|Hsu, Hei Ti|
Submitted to: Plant Disease
Publication Type: Peer Reviewed Journal
Publication Acceptance Date: 3/17/2005
Publication Date: 5/5/2005
Citation: Lin, Y.H., Chen, T.C., Hsu, H.T., Liu, F.L., Chu, F.H., Chen, C.C., Lin, Y.Z., and Yeh, S.D. 2005. Serological Comparison and Molecular Characterization for Verification of Calla Lily chlorotic spot virus as a New Tospovirus Species belonging to Watermelon silver mottle virus Serogroup. Plant Disease. 95:1482-1488. Interpretive Summary: Attractive with their brilliant color and long lasting flowers, calla lilies are very popular in many parts of the world. In the United States, New Zealand, Israel and the Netherlands, they are mostly grown in greenhouses. In agriculture intensive states, calla lilies are propagated outdoors and are vulnerable to many viruses in the open environments where many other horticultural crops are grown. Calla lilies were introduced in Taiwan in the 1980's and have become an important part of the floral industry for both domestic and overseas markets. In 2001, a field survey of virus diseases of calla lilies was conducted in central Taiwan. A disease exhibiting chlorotic spots on leaves was shown to be caused by a tospovirus similar to Tomato spot wilt and Impatiens necrotic spot viruses which cause economically important diseases in many ornamental crops. This new tospovirus causing chlorotic spots in calla lilies is thrips-borne and has never been before reported. This investigation is important to US floral industries and is relevant to USDA-ARS National Plant Health Program 303.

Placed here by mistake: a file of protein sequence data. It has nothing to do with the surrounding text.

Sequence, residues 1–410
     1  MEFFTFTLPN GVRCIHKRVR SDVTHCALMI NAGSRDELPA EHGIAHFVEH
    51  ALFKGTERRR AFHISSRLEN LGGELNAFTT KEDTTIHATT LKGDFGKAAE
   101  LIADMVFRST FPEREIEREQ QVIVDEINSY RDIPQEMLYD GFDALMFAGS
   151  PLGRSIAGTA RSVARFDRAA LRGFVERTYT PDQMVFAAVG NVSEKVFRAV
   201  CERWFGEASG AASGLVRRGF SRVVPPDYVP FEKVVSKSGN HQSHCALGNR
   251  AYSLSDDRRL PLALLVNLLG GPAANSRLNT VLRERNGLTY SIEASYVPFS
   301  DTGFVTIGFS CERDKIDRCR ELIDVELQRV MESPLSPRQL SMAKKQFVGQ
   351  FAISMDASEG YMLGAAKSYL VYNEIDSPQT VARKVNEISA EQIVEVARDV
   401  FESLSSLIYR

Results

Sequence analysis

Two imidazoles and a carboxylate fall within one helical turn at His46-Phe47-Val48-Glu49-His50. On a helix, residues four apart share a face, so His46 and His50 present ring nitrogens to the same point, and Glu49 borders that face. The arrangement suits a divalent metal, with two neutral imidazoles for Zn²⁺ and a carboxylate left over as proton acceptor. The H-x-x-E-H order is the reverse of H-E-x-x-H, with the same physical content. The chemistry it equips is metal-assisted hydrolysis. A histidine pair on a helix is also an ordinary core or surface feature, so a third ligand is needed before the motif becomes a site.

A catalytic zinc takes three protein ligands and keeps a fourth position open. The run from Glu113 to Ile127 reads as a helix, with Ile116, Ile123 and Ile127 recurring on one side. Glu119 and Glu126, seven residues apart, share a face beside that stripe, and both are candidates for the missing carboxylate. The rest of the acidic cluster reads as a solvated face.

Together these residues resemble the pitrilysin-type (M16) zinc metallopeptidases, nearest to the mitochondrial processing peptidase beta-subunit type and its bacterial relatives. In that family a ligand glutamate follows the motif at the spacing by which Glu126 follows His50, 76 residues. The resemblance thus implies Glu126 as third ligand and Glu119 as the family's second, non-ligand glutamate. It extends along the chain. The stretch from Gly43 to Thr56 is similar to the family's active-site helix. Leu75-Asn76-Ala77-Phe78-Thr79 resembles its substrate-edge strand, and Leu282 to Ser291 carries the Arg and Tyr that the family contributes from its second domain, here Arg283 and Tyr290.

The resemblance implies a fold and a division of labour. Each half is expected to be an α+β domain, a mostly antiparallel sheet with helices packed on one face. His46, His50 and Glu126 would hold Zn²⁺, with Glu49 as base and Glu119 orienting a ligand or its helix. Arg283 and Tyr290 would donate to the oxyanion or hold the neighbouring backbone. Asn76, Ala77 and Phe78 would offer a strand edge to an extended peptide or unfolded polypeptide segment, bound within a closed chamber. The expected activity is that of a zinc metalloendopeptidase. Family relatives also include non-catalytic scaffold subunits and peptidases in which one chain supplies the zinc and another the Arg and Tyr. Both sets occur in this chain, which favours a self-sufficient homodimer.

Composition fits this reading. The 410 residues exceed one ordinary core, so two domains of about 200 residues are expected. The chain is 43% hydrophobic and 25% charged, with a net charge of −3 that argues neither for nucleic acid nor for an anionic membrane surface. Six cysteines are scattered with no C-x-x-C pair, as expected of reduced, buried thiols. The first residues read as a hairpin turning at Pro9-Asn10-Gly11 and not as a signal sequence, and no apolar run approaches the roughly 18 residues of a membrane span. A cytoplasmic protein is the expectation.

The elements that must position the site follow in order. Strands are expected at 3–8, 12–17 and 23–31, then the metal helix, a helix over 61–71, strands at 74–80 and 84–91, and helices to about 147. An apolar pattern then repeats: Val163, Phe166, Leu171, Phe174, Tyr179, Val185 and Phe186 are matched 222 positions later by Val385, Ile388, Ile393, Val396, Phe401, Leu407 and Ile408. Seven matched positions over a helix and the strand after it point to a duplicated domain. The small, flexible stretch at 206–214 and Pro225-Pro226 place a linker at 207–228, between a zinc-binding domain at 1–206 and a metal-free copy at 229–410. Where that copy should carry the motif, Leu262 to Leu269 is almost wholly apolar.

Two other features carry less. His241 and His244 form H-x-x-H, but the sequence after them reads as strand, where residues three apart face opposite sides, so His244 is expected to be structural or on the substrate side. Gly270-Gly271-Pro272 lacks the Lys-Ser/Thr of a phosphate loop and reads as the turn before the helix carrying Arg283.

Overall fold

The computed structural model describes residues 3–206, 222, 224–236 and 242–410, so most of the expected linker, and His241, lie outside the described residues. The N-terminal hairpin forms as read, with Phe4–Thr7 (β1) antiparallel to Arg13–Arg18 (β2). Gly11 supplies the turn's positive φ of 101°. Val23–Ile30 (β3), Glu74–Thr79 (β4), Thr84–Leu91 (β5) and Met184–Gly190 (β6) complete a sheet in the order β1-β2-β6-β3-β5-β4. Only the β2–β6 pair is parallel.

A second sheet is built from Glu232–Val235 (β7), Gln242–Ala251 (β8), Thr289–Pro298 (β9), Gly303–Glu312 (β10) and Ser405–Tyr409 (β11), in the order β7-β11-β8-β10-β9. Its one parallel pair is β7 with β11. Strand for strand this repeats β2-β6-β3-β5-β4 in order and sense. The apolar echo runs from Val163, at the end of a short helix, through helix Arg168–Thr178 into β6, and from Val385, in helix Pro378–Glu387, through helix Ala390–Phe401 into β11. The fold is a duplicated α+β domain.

Technical Abstract: A new tospovirus, Calla lily chlorotic spot virus (CCSV), was isolated from calla lilies (Zantedeschia spp.) in Taiwan. Chlorotic and yellow spots appear on the middle leaves of the affected plants. Virions measuring 75 to 105 nm similar to tospovirus particles are present in crude extracts and ultrathin sections of diseased leaves. Of 35 plant species inoculated mechanically, 24 including wax gourd (Benincasa hispida) and zucchini squash (Cucurbita pepo) are susceptible to the virus. Experimentally, CCSV is transmitted from infected wax gourd by Thrips palmi to healthy wax gourd and zucchini squash. The virus is weakly related to Watermelon silver mottle virus (WSMoV) in ELISA and western blot tests. WSMoV-specific N gene primers, however, fail to produce DNA fragments from total RNA extracts of CCSV-infected plants in reverse transcription-polymerase chain reaction (RT-PCR). Results of RT-PCR show that the conserved regions of the L genes among tospoviruses are present in CCSV.